- Landline systems plug into a phone jack. They include a base station and a wearable device (usually a watch or pendant), which routes calls through the base when you call for help. If the majority of your medical risk lies when home alone, this option should suffice.
- Cellular systems connect to a cellular network, much like a mobile phone. If you don’t have a landline connection, these systems can work with your phone plan. They can be designed for at-home or mobile use. Cellular systems are less susceptible to power outages but can be less reliable in areas with spotty cell service. These are best for active seniors who are often on-the-go.
At-home vs mobile cellular systems
Both connect via a cellular network; the difference is whether a base station is required.
At-home systems route calls for help via a base station. These systems typically have a maximum range within which the base and wearable device (usually a watch or pendant) can communicate.
Mobile systems connect to a monitoring service directly, without passing through a base station. They’re equipped with GPS so the operator can send help to your exact location.
Alternative options — security systems and smart tech
The true benefit of an actual medical alarm system is that it’s simple and effective. You don’t need to be tech-savvy to hit a button. You’re also more likely to be intentional about having this device on your person at all times. But in the age of smartphones, smartwatches, and smart houses — it’s possible you can achieve the same end goal with the technology you already have.
Smart watches like the Apple Watch do have some emergency features — you can dial 911 by holding the side button. The watch will send your emergency contacts a text message with your current location and an SOS. You’ll need an iPhone (and have to keep it nearby) or a cellular model of Apple Watch for this to work. You also need both hands mobile to activate the emergency mode, which may not be the case for every accident.
Amazon Alexa and Google Home can technically call a neighbor, friend, or relative. But dialing 911 is a little more complicated. Alexa owners will need to purchase the Echo Connect add-on, and Google Home doesn’t currently support 911 calls. Even if you purchase the Amazon add-on, or Google rolls out this functionality, we wouldn’t recommend using it in place of a medical alert system. Not only will you have to be able to project loud enough for it to hear you, but you’ll have to be in the same room to start with. And as people who’ve had these products know, they aren’t always immediately cooperative. An emergency is the last situation where you’d want to be frustratingly yelling “Hey, Google.”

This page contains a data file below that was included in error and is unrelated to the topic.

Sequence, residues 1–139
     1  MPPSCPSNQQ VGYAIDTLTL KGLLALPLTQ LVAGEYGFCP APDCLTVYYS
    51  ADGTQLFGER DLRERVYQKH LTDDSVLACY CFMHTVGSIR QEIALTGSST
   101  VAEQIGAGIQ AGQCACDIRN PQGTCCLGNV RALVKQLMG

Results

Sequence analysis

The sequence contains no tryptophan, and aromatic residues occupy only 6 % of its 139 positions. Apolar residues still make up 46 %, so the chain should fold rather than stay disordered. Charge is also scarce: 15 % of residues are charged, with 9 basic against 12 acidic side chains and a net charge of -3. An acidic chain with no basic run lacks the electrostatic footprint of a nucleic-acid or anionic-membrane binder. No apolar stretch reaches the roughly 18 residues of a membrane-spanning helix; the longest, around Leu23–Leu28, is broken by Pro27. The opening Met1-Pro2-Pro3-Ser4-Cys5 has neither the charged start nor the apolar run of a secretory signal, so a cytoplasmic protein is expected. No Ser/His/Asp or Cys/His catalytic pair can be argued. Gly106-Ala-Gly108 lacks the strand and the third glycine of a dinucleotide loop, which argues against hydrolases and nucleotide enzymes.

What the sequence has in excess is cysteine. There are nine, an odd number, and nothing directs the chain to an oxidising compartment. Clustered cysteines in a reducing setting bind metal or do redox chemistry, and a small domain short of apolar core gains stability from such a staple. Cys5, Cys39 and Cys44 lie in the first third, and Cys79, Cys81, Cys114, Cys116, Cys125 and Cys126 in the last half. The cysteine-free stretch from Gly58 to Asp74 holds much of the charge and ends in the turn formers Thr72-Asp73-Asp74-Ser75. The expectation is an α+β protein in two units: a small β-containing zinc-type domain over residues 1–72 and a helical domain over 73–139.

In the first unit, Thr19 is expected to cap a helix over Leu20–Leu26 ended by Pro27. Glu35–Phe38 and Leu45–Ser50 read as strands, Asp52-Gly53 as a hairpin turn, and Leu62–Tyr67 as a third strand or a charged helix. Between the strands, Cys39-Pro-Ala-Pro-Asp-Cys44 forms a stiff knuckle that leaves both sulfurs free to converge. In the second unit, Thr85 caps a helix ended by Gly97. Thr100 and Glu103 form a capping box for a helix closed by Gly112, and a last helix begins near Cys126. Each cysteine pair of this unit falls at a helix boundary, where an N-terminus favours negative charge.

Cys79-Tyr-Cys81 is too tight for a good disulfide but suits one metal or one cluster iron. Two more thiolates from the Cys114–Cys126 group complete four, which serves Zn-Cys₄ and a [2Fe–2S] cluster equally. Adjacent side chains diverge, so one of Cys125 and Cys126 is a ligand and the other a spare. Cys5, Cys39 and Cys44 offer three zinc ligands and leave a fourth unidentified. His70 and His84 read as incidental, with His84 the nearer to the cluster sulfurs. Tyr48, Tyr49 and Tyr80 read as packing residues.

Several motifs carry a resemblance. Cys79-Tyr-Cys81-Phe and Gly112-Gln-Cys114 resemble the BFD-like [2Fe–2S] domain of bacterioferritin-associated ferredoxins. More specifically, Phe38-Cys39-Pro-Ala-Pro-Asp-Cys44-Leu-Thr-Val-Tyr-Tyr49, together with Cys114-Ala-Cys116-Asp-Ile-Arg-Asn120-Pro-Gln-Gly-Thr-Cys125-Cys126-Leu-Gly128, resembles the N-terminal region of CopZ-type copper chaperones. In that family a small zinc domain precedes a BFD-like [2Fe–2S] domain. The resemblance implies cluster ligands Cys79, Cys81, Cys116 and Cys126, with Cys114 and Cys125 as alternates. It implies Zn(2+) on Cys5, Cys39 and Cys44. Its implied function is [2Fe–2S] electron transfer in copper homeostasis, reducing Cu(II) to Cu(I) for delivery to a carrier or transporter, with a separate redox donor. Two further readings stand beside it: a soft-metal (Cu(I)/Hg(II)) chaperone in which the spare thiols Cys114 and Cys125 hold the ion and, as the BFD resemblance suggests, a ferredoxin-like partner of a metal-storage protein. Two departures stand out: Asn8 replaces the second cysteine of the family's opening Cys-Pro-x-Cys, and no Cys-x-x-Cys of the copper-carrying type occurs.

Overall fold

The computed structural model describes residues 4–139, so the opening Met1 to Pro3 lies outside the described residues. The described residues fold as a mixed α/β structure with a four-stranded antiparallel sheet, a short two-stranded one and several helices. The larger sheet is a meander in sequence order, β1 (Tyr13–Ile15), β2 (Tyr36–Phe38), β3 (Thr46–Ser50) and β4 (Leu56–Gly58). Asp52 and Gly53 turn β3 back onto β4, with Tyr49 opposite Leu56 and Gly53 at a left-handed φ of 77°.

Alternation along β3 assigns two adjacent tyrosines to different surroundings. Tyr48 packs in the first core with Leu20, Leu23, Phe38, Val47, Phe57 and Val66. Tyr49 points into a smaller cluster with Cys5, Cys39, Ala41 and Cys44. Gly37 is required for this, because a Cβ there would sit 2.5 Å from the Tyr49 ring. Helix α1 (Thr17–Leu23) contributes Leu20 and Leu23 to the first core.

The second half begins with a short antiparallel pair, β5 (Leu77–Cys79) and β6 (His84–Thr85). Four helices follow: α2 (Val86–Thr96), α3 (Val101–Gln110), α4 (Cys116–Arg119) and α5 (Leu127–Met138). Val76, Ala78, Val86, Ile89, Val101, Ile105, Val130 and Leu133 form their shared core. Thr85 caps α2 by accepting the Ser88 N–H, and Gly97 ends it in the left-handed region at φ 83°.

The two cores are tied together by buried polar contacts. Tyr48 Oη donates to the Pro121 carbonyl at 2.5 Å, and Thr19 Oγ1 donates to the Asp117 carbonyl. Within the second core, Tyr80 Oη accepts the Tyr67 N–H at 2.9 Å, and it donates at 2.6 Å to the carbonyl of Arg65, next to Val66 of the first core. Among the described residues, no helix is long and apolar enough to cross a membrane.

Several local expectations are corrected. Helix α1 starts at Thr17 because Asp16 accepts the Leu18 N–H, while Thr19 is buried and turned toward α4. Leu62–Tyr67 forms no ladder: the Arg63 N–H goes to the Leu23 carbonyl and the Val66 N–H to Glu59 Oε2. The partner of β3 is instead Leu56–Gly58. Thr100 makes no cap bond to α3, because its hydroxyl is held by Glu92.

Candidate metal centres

But if you are interested in boosting your home’s IQ — check out our roundup of the best smart hubs.
Home security systems
Some of our favorite home security and automation systems offer medical alert buttons as part of their systems. If you’ve already got a security system, it’s worth looking into. But we wouldn’t recommend outfitting a whole security system just for their medical alert devices.
How to find your perfect fit
Compare pricing information
Our top picks offer transparent pricing, but that may not be the case with all providers. Watch for extra fees that may be assessed on top of monthly monitoring charges, such as installation or activation fees; these can increase your total cost significantly.
Study plan terms
Look for a price-lock guarantee. If there isn’t one, your monthly service cost could increase in the future, even if you choose a plan with a contract. It’s also a good idea to investigate whether a contract is required and if there’s a cost associated with cancellation.
Check for promotions and discounts
Many medical alert system providers offer promotions for new customers, from free shipping to equipment discounts. Some also offer discounted monitoring if you agree to pay for more than one month at a time. (Note: multi-month billing is not necessarily the same as a contract. Some providers, like Bay Alarm, will refund unused months if you cancel.)
Consider included and add-on features
Recent advances in tech have allowed companies to offer increasingly advanced features, from fall detection to mobile GPS tracking. But don’t get too caught up in the bells and whistles. Family caregiving expert Stephanie Erickson recommends, “Keep it as simple as possible. If there are too many buttons or too many features, many seniors will say, ‘Forget it, are you kidding me? I can barely work two remote controls.’”
Medical Alert Systems FAQ
The Best Medical Alert Systems: Summed Up